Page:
On Anna Maria van Schurman’s ‘Right Choice’

  • Erica Scheenstra
Part of the Archives Internationales D’Histoire Des Idées / International Archives of the History of Ideas book series (ARCH, volume 146)


In her book Eukleria, Anna Maria van Schurman writes that she has chosen the better part.1 Upon closer consideration we find that this choice relates to the ordering of her life as a consequence of her religious convictions. In this article I shall be examining the question of the role that faith played in Van Schurman’s life, and what her religious convictions were when she joined Jean de Labadie’s community. I also look at any influence Labadism may have had — through Van Schurman — on Pietism in Frankfurt2 and I compare a number of the theological views held by Van Schurman and her Frankfurt contemporary Eleanora von Merlau. The two women kept up a correspondence for a number of years.


Religious Conviction Christian Community True Believer Official Church Retire Life 
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  1. 1.
    The original Latin edition Eukleria seu Melioris Partis Electio dates from 1673. The Dutch translation Eucleria,of Uitkiezing van Het Beste Deel (1684; facsimile edition 1978) was used for this article. On the Eukleria see also the chapters by Mirjam de Baar and Angela Roothaan in this book.Google Scholar
  2. 2.
    Cf. Saxby, Quest for the New Jerusalem (1987) p. 225: ‘Throughout Germany and the United Provinces, Eukleria was read and approved. Leibnitz and his circle praised it; many leading Pietists, both of the Frankfurt and Halle Schools, drew inspiration from it, particularly Eleonore von Merlau and Johann Jakob Schütz.’Google Scholar
  3. 3.
    See among others Eucleria (1684/1978) p. 82; De Baar, ‘En onder ‘t hennerot’ (1987) pp. 20–24.Google Scholar
  4. 4.
    Douma, Anna Maria van Schurman (1924) p. 35.Google Scholar
  5. 5.
    Rivet was appointed to the university of Leiden in 1620. The academy was purged of Arminianism after the Synod of Dordrecht (1618–19). Rivet’s appointment also served to perpetuate Dordt’s Contra-remonstrant victory there. From 1632 onwards Rivet was tutor at the stadholder’s court. See among others Honders, Andreas Rivet (1930).Google Scholar
  6. 6.
    Douma, Anna Maria van Schurman (1924) pp. 49–50.Google Scholar
  7. 7.
    See De Groot, ‘Gisbertus Voetius’ (1982) pp. 149–162.Google Scholar
  8. 8.
    Eucleria (1684/1978) pp. 219, 220.Google Scholar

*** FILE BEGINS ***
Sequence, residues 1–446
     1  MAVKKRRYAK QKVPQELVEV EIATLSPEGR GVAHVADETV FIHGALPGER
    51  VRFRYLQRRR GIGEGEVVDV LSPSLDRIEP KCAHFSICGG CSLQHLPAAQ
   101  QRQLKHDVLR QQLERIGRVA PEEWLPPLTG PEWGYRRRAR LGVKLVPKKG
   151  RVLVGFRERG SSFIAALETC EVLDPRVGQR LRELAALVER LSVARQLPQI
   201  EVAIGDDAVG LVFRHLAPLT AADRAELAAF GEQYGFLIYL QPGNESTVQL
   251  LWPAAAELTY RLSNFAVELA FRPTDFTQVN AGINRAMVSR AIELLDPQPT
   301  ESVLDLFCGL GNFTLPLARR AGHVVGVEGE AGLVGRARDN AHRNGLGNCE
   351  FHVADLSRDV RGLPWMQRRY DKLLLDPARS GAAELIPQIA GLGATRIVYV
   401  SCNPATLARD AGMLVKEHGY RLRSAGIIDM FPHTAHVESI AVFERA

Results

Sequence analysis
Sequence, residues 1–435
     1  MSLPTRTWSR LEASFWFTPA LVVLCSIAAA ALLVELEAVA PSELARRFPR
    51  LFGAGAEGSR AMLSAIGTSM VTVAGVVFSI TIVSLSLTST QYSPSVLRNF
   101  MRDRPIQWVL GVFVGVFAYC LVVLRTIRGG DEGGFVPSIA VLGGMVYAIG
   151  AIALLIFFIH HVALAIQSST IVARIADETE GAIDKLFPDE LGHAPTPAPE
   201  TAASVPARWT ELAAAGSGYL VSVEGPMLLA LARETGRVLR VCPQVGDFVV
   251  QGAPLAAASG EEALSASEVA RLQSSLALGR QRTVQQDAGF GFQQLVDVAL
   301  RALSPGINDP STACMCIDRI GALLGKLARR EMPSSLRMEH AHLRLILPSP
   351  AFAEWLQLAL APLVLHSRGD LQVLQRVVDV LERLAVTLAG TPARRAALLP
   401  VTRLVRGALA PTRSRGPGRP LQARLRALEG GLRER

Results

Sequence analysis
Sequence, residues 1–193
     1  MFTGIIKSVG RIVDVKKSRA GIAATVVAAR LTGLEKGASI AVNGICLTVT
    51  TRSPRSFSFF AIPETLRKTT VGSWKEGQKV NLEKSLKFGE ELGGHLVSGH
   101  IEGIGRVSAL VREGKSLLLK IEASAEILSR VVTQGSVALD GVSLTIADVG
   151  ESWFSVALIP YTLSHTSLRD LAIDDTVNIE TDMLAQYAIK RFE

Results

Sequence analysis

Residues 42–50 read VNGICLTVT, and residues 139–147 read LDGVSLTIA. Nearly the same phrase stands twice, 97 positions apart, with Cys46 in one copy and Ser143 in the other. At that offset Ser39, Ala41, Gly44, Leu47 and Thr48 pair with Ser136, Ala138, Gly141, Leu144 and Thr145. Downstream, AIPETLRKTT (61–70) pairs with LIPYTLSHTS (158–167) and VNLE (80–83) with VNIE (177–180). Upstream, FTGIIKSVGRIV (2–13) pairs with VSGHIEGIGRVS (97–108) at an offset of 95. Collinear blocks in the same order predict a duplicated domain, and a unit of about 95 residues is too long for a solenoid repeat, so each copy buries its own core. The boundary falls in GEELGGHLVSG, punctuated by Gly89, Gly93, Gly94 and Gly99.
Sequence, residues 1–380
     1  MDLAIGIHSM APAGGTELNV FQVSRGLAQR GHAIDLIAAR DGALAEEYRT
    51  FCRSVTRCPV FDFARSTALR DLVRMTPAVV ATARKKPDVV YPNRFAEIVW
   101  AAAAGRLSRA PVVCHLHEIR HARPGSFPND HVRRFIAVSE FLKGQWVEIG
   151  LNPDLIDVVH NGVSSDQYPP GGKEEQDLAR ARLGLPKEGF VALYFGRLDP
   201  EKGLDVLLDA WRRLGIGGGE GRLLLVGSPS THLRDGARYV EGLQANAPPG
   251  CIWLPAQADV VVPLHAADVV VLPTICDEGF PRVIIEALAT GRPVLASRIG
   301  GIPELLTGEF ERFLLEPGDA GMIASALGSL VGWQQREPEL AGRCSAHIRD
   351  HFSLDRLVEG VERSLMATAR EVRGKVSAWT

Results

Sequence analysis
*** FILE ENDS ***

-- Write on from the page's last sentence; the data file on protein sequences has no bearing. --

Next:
9. 9.
    See De Baar, ‘En onder ‘t hennerot’ (1987) p. 18.Google Scholar
  10. 10.
    Eucleria (1684/1978) p. 223.Google Scholar
  11. 11.
    See Van Lieburg, ‘Johan Godschalk van Schurman’ (1993) pp. 55–68.Google Scholar
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    On De Labadie see Saxby, Quest for the New Jerusalem (1987) pp. 135–192.Google Scholar
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    See De Baar, ‘En onder ‘t hennerot’ (1987) pp. 20, 24, 42–43.Google Scholar
  14. 14.
    Eucleria (1684/1978) p. 328.Google Scholar
  15. 15.
    See also De Baar, ‘En onder ‘t hennerot’ (1987) p. 20.Google Scholar
  16. 16.
    Wallmann, ‘Labadismus und Pietismus’ (1978) p. 164.Google Scholar
  17. 17.
    More on this in Wallmann, Philipp Jakob Spener (1986) pp. 277–298.Google Scholar
  18. 18.
    Ibid., pp. 144–147.Google Scholar
  19. 19.
    Cor. 14, 31: ‘For ye may all prophesy one by one, that all may learn, and all may be comforted.’Google Scholar
  20. 20.
    At the same time Schütz was also corresponding with Pierre Yvon, Jean de Labadie’s successor, see Wallmann, Philipp Jakob Spener (1986) p. 310.Google Scholar
  21. 21.
    Ibid., pp. 290–306.Google Scholar
  22. 22.
    Johannes Tauler (Strasbourg, c. 1300–1361). He made a distinction between three stages in man’s journey to mystical union with God, namely the initial, the growing and the perfect man. The background to this basic structure lies in Neoplatonic, scholastic, mystic ontology, which teaches that all that is created goes back to God. On this see among others Grünewald, Studien zur Johannes Tauler’s Frömmigkeit (1930) and Clark, The Great German Mystics (1949).Google Scholar
  23. 23.
    Wallmann, Philipp Jakob Spener (1986) pp. 318–322.Google Scholar
  24. 24.